The Aftermath of Coronavirus Disease 2019

Devastation or a New Dawn for Nephrology?

Rajiv Agarwal

Disclosures

Nephrol Dial Transplant. 2020;35(6):904-907. 

In This Article

Telemedicine

The fight against COVID-19 was not just against the virus. The deliberate actions taken by large healthcare systems to fight the virus created another problem. In the face of the pandemic, most routine medical services were suspended. Because of the lack of access to routine medical care, patients with chronic illnesses were now exposed to potential harm. COVID-19 was pushing all other diseases by the wayside, and telemedicine rapidly emerged. Many of the rules that would have taken years to be approved were passed almost overnight. Visits to patients using cameras next to the dialysis machine or by phone were rapidly adopted. Many practices started seeing patients by telehealth visits.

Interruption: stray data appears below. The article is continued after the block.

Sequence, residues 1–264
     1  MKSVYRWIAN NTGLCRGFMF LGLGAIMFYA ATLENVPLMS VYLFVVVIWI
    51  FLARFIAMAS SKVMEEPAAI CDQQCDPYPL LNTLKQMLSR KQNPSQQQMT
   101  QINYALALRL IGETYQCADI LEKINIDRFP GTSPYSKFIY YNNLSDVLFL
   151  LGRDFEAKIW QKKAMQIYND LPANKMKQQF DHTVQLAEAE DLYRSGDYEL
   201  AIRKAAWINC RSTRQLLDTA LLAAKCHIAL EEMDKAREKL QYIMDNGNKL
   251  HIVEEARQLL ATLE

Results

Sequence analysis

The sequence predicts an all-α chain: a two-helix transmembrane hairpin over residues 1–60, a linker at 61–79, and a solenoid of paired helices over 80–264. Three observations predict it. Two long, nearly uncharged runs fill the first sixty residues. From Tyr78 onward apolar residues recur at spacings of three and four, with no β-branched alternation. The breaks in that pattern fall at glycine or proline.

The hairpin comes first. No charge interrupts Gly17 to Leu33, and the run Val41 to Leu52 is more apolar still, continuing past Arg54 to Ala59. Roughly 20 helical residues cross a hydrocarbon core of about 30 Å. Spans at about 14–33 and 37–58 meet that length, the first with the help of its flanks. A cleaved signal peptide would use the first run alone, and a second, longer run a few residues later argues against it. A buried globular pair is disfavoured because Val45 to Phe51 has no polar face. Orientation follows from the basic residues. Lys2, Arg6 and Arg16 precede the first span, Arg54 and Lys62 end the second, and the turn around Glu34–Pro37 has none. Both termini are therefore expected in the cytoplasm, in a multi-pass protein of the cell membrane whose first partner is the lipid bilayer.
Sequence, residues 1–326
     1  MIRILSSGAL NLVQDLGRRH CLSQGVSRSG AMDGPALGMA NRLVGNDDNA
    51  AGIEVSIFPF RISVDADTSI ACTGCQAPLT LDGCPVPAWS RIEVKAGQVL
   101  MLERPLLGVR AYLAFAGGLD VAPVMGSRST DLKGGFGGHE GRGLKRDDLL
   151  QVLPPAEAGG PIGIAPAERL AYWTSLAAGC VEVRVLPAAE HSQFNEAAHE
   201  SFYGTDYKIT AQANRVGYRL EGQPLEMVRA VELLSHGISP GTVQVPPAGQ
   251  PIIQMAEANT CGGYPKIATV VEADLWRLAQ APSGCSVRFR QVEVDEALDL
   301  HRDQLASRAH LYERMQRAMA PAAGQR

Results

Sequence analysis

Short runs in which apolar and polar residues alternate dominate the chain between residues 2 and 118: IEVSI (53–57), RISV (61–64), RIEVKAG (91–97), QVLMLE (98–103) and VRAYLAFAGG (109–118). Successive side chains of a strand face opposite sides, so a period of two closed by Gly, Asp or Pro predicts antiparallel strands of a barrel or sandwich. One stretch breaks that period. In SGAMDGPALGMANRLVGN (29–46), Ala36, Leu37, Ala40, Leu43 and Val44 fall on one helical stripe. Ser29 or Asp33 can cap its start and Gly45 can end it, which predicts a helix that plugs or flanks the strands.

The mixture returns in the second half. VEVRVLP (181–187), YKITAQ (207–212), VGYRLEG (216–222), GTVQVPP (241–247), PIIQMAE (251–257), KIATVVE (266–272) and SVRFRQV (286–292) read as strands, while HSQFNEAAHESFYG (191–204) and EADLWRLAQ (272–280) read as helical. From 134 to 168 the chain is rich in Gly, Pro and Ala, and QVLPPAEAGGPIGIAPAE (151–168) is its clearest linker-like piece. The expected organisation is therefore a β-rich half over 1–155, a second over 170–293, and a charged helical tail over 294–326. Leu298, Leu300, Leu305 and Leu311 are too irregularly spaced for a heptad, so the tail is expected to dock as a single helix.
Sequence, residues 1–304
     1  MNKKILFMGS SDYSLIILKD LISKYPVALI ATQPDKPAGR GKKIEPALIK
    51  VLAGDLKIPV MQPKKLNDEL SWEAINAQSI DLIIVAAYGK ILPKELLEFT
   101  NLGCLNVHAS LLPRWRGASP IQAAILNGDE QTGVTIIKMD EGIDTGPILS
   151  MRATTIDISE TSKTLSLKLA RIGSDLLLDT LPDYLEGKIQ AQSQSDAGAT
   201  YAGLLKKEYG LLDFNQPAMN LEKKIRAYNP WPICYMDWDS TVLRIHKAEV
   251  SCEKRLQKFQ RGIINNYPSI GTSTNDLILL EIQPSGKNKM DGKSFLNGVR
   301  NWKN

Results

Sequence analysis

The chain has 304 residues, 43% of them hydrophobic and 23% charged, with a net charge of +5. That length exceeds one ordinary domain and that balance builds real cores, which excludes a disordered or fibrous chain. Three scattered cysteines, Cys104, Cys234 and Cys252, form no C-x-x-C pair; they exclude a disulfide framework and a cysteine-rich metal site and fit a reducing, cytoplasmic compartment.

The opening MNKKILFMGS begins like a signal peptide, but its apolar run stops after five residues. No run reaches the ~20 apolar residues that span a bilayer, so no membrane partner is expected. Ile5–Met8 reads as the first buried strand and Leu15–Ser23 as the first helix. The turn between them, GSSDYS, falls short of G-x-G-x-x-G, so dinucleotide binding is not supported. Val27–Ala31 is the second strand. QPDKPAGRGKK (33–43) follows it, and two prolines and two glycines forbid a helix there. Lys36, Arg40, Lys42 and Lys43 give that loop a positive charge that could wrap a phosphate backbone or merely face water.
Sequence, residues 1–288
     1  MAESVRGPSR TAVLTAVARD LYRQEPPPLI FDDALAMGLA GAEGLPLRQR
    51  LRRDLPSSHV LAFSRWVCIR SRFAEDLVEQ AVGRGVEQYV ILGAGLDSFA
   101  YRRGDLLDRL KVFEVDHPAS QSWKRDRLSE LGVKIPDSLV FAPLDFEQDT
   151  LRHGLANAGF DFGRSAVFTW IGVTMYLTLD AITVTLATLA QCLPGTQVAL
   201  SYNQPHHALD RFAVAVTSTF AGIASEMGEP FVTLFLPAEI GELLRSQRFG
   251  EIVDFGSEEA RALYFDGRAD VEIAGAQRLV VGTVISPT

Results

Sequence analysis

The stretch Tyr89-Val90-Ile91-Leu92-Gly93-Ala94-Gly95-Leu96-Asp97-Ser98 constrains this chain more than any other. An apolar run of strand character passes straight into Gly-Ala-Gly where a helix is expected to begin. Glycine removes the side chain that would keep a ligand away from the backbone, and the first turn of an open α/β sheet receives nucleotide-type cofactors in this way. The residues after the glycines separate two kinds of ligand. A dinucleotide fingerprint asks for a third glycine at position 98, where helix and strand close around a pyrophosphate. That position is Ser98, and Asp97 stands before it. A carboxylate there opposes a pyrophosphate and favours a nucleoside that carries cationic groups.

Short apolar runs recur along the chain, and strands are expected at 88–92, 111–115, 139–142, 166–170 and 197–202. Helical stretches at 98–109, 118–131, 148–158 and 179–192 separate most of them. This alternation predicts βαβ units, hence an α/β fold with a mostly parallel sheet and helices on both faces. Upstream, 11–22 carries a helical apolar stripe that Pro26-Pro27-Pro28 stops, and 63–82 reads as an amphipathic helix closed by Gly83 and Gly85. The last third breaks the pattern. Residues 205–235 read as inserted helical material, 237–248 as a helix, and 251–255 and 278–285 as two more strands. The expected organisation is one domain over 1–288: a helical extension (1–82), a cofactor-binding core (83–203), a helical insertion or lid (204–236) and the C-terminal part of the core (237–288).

Could this drive a change in the system? Will patients want to see their doctor in person or on camera? Or could we have a hybrid system where many visits might be via telehealth and a few in person. The answers to these questions are complex and may be decided by organizations that pay for these services. If insurance companies pay for these services at a lower rate, but this lower rate is offset by an increase in volume, it may drive more telemedicine in the future. However, the behaviors of physicians and patients will also decide if these changes are transient or more secular.

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